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A tourist from Tennessee reportedly thought she could check her loaded gun at New York City's Sept. 11 memorial. The New York Post says 39-year-old Meredith Graves was visiting the memorial at the World Trade Center site on Dec. 22 and noticed a sign that said "No guns allowed." The Post reports that Graves asked police where she could check her loaded pistol. She was arrested on a gun-possession charge.
“You’d think states would reciprocate with the Second Amendment. She has a license to carry in Tennessee,” her mother-in-law told the Post.
Originally posted by sheepslayer247
reply to post by getreadyalready
I can agree with your statement, but I was under the impression that the right to bare arms was granted by the federal government and is one of the only few exceptions in which the federal government can supersede state law.
This is about constitutional right, not state law or city ordinance. I could be wrong.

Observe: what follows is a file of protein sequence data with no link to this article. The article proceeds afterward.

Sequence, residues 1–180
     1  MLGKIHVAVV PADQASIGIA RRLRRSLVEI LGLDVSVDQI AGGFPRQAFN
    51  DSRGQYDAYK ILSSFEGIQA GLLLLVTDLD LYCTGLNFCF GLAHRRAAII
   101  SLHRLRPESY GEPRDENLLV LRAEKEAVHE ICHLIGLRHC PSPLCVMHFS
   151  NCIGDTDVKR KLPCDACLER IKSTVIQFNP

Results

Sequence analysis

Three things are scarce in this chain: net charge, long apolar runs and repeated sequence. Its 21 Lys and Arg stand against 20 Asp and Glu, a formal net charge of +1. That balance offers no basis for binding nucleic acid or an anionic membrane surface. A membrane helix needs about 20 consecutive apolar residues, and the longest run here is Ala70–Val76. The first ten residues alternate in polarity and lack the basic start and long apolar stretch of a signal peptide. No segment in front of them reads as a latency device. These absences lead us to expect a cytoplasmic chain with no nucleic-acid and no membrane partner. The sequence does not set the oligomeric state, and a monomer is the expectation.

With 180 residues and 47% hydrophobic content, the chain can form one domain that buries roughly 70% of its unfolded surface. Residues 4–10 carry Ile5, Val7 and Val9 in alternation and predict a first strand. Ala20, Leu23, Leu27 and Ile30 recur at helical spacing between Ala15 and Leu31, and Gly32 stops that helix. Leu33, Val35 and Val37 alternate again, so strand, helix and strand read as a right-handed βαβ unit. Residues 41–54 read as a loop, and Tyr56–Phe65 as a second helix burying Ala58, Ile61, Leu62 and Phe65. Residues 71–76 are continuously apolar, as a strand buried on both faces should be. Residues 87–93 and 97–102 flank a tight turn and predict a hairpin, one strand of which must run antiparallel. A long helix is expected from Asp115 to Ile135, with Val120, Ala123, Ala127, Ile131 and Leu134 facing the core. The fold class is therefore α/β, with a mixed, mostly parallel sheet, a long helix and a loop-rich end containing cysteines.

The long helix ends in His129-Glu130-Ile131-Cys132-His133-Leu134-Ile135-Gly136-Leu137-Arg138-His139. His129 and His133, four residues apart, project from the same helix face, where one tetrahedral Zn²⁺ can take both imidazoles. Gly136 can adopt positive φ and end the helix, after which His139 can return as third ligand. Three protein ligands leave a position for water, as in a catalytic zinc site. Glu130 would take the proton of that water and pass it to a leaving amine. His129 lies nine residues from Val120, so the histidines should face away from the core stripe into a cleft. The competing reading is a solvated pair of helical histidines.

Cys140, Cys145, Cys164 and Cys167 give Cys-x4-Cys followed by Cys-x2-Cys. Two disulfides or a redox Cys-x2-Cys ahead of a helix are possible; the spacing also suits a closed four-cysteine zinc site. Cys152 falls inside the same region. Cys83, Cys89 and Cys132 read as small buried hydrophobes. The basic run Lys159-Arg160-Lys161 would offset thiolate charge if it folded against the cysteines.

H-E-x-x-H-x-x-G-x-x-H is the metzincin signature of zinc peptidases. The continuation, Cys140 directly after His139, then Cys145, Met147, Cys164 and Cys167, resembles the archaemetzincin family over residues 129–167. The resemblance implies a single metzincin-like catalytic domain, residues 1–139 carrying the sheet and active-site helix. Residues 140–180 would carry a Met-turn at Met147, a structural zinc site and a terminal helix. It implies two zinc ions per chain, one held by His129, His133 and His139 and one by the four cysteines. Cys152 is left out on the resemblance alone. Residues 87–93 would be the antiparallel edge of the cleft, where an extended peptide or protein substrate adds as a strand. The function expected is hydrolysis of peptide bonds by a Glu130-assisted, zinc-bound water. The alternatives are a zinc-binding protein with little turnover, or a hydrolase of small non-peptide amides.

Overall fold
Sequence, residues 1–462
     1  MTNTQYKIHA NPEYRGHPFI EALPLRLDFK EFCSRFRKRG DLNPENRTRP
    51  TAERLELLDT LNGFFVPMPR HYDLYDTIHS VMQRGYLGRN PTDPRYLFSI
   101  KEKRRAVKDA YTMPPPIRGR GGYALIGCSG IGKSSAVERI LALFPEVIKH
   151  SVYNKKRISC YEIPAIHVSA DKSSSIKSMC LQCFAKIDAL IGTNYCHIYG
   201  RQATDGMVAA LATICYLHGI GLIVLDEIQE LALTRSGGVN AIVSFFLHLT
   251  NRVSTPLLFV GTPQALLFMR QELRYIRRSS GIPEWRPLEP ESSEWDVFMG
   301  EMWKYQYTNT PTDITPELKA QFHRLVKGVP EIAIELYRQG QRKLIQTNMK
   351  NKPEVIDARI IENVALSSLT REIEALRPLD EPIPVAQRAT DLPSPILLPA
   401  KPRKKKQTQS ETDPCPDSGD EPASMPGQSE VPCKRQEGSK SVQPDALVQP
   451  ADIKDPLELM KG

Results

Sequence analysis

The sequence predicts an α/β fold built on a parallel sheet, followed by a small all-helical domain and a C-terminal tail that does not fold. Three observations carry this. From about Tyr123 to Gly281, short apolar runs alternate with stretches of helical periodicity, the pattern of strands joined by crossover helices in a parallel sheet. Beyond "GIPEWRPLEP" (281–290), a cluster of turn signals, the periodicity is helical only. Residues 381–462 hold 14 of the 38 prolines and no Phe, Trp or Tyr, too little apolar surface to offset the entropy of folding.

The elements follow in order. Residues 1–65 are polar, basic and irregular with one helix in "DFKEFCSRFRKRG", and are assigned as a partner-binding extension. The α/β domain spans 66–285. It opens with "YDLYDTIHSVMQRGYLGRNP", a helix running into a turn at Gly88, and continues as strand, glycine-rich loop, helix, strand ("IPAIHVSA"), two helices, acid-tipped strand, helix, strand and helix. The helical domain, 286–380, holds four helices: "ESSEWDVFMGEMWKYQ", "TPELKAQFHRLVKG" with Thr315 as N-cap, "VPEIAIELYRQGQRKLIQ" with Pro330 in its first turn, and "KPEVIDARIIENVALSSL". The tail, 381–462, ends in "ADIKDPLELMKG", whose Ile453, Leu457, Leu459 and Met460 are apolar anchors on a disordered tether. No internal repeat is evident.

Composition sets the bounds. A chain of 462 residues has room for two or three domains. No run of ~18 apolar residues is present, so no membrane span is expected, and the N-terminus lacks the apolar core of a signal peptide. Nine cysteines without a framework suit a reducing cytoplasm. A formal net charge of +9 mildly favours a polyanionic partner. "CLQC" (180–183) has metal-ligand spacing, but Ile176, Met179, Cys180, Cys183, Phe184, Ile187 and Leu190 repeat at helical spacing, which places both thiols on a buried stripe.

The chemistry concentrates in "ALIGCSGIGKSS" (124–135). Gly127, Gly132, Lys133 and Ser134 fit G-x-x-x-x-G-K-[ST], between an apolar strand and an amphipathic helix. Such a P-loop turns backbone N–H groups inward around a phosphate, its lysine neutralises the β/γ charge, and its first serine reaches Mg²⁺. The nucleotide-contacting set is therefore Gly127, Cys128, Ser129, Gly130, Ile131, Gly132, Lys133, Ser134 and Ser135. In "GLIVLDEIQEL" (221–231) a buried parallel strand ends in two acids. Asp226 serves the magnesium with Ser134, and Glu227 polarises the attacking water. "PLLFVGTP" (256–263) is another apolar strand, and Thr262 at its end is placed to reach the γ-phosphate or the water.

Also, shouldn't the local law enforcement be able to tell the difference between a gun-toting thug, and a law-biding gun owner? Jail time for being honest? Seems a bit too much. A slap on the hand would have taught her a lesson.edit on 29-12-2011 by sheepslayer247 because: (no reason given)
But, in this case, common sense should be applied. The woman went out of her way to obey the laws once she became aware of them. Yes, she should get a telling off and possibly even a small fine, but a potential 3½ year jail sentence for an apparently honest mistake of this nature is beyond absurd.
Mayor Bloomberg, with the help of the five district attorneys, has crusaded against the flow of illegal guns, especially from the South.
Out-of-state weapons have been used in a slew of homicides, including the murder of NYPD cop Peter Figoski on Dec. 12.
Sources don’t believe Graves’ intentions were sinister. link
The case illustrates the patchwork of gun laws across the nation. While most states have gun permit reciprocity laws that recognize permits in other states, many municipalities like New York City have special rules that can lead to trouble for unknowing gun owners.
“It’s the same problem when our citizens travel to other states, it’s this quagmire of what I call ‘Thou shalt nots,’” said John Harris, a Nashville attorney who serves as the volunteer director of the Tennessee Firearms Association. “The problem is, there’s such vast inconsistency about what you can and can’t do. Think about what would happen if that level of inconsistency existed with the operation of motor vehicles.” link